VIDEOOn this week’s podcast, Jill and Tim wrap-up the 2018 Detroit Auto Show with their favorite vehicles. Then, Jill talks about driving the new Jeep Cherokee next week while Tim teases he will be at a new Ram pickup unveiling at 2018 Houston Auto Show. You should tune in! Show Notes:Tim Esterdahl on Twitter – @testerdahl Jill Ciminillo on Twitter – @jillciminilloPodcast: Play in new window | Download
The longest-running nameplate in Toyota’s history, the Land Cruiser, still to this day is one of the best off-road SUVs on the planet. We took the legendary vehicle on a camping trip and did some wheeling to see if it is still as good as we recall. Introduced way back in 1955, the Land Cruiser was originally meant to be a Willys Jeep competitor with a design and name so closely aligned to its competitor that Willys sued Toyota. Nowadays, the Land Cruiser is nothing like a small Jeep.
Chevrolet made a big splash today with news of the 2019 Chevrolet Silverado including a new baby Duramax diesel engine. With all new trims and lots of different features, the new 2019 Chevy Silverado should grab a lot of attention when it comes out later this year. Here is the official press release with all the details:DETROIT — Chevrolet introduced the next-generation Silverado today, exactly 100 years after the brand delivered its first trucks to customers in January 1918.
Muck Rack makes it simple to find people, tweets, or articles that mention any name, keyword, company, hashtag etc. We've compiled this guide to help you make the most of your search.
Selecting a term
Start searching tweets, articles from media outlets, articles mentioned in tweets, journalists'
names, titles and bios with some suggested searches:
Companies or Topics (e.g. iPhone, Microsoft)
Phrases (e.g. "cloud computing") — use quotes to keep the terms together
Twitter handles (e.g. @username) — returns those who have mentioned or replied to
Names (e.g. "David Pogue")
Hashtags (e.g. #sxsw, #london2012)
Bio details (e.g. vegan, Olympics, father)
Muck Rack's Advanced Search allows for many boolean operators.
Find results that mention multiple specified terms, use AND or
+. For example, ensure each result contains both Elon Musk and Mark Zuckerberg by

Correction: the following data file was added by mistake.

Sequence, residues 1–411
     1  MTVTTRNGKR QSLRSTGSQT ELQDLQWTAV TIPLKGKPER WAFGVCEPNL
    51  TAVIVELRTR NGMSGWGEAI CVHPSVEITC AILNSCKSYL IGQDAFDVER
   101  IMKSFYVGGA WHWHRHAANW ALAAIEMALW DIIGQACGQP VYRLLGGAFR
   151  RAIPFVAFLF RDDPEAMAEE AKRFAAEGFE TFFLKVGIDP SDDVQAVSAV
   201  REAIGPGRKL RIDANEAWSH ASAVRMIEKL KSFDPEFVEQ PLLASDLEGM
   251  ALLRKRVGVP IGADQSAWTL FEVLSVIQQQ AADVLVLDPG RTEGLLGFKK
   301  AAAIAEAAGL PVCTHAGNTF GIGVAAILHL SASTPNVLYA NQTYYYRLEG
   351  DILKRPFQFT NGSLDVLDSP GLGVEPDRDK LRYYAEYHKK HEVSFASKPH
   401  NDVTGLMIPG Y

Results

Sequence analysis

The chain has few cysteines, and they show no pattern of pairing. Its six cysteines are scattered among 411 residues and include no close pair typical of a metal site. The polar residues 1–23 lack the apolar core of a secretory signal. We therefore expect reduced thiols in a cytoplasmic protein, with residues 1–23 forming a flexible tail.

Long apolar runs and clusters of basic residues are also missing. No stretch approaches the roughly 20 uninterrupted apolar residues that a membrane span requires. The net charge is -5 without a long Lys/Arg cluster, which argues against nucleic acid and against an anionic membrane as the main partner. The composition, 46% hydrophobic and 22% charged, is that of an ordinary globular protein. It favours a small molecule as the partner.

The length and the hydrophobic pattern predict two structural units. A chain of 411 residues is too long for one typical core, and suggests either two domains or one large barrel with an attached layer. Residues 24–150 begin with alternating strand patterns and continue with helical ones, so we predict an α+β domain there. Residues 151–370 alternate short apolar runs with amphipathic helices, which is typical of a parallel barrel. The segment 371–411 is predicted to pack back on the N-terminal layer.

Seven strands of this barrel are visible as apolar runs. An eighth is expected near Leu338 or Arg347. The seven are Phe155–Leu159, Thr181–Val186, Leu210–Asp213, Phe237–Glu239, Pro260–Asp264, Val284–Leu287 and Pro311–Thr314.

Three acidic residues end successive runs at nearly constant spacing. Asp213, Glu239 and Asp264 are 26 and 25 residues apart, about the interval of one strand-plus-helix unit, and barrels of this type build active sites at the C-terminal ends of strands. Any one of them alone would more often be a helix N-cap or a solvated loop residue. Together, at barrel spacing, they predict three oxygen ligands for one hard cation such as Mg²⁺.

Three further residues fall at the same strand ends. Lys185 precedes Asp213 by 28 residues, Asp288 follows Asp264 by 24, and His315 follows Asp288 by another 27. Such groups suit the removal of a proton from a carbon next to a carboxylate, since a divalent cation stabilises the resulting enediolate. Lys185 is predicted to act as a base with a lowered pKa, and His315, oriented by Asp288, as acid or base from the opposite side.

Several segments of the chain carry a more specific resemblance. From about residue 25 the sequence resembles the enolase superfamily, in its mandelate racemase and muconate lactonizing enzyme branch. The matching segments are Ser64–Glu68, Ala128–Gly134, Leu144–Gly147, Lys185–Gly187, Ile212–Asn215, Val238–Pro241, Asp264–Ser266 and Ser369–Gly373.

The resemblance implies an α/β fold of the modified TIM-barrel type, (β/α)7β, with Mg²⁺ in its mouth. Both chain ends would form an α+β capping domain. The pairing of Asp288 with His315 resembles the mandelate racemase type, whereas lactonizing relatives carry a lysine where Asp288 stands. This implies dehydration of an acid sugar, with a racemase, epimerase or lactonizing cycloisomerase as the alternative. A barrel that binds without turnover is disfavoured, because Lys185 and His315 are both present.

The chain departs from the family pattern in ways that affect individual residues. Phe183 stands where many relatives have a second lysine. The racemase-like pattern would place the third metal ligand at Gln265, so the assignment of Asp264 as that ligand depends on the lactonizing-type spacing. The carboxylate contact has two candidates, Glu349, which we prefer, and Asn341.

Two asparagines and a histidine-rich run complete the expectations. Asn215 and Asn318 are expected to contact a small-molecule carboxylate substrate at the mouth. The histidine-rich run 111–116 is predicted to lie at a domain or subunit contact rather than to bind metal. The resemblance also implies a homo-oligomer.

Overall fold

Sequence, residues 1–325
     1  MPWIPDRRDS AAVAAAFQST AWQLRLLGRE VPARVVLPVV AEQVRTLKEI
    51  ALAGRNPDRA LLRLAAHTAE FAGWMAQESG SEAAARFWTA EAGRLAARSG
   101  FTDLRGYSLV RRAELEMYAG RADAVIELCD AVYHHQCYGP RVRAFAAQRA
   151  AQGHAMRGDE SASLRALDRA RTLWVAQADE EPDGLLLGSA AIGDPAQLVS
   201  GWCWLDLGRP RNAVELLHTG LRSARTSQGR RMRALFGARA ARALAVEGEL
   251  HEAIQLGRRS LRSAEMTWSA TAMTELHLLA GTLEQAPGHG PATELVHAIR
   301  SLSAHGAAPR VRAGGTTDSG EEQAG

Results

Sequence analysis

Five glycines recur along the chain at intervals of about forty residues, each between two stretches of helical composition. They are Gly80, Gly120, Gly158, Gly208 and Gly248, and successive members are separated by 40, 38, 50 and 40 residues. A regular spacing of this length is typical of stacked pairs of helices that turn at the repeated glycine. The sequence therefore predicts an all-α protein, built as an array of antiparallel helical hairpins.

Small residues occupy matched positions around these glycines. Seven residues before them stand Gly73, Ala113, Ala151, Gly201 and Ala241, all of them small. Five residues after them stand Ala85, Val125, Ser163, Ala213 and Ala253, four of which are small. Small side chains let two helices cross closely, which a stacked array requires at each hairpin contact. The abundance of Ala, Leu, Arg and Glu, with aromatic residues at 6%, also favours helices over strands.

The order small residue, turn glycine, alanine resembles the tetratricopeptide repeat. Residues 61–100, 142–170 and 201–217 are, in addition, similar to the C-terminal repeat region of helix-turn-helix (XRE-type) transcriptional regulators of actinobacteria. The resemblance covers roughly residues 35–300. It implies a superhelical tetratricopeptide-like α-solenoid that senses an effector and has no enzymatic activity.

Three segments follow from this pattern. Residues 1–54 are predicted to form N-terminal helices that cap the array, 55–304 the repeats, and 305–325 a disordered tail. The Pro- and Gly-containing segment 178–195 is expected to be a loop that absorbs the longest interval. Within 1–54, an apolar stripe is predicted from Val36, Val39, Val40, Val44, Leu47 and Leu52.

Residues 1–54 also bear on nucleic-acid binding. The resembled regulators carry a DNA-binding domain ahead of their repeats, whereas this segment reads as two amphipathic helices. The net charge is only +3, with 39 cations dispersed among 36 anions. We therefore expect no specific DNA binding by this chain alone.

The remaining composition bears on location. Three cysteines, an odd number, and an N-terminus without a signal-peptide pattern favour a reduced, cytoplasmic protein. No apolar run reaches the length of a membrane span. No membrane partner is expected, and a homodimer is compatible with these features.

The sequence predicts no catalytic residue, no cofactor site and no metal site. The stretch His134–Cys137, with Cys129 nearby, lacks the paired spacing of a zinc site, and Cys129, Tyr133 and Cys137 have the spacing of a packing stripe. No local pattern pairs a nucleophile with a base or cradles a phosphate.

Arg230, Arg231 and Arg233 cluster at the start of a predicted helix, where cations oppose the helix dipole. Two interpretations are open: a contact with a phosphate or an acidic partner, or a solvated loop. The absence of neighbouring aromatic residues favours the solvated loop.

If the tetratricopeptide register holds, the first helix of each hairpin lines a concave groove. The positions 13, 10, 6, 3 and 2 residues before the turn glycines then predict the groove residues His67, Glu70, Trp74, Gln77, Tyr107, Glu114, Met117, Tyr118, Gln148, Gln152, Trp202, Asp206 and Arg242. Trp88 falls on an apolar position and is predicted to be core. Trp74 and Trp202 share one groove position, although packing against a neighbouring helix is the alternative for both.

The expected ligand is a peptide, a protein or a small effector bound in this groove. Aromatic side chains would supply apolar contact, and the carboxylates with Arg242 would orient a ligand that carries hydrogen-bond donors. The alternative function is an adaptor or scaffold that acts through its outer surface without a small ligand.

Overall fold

searching Musk AND Zuckerberg or Musk + Zuckerberg.
Use the operators OR or , to broaden your search when you'd like either of
multiple terms to appear in results. (This is the default behavior of our search when no operators
are used). For example, results will contain either cake or cookie by searching cake OR cookie or cake,cookie
Use NOT or - to subtract results from your search. For
example, searching Disney will yield results about the Walt Disney Company as well as Walt Disney
World Resort. To exclude mentions of Disney World, search for Disney -World or Disney
When using one of these operators with a phrase, enclose it in quotation marks. For example, you can
find results about smartphones excluding Apple's iPhone 4S by searching smartphone -"iPhone
Exact case matching or punctuation
If you're searching for a brand name or keyword that relies on specific punctuation marks or capitalization, you can
find results that match your exact query by adding matchcase: before the keyword you're searching for, like matchcase:E*TRADE .
Use parentheses to separate multiple
boolean phrases. For example, to find journalists talking about having fun in Disney World or
Disneyland, search for ("disney world" OR disneyland) AND fun.
An asterisk can be used to search for any variation of a root word truncated by the asterisk. For example, searching for admin* will return results for administrator, administration, administer, administered, etc.
A near operator is an AND operator where you can control the distance between the words. You can vary the distance the near operation uses by adding a forward slash and number (between 0-99) such as strawberries NEAR/10 "whipped cream", which means the strawberries must exist within 10 words of "whipped cream".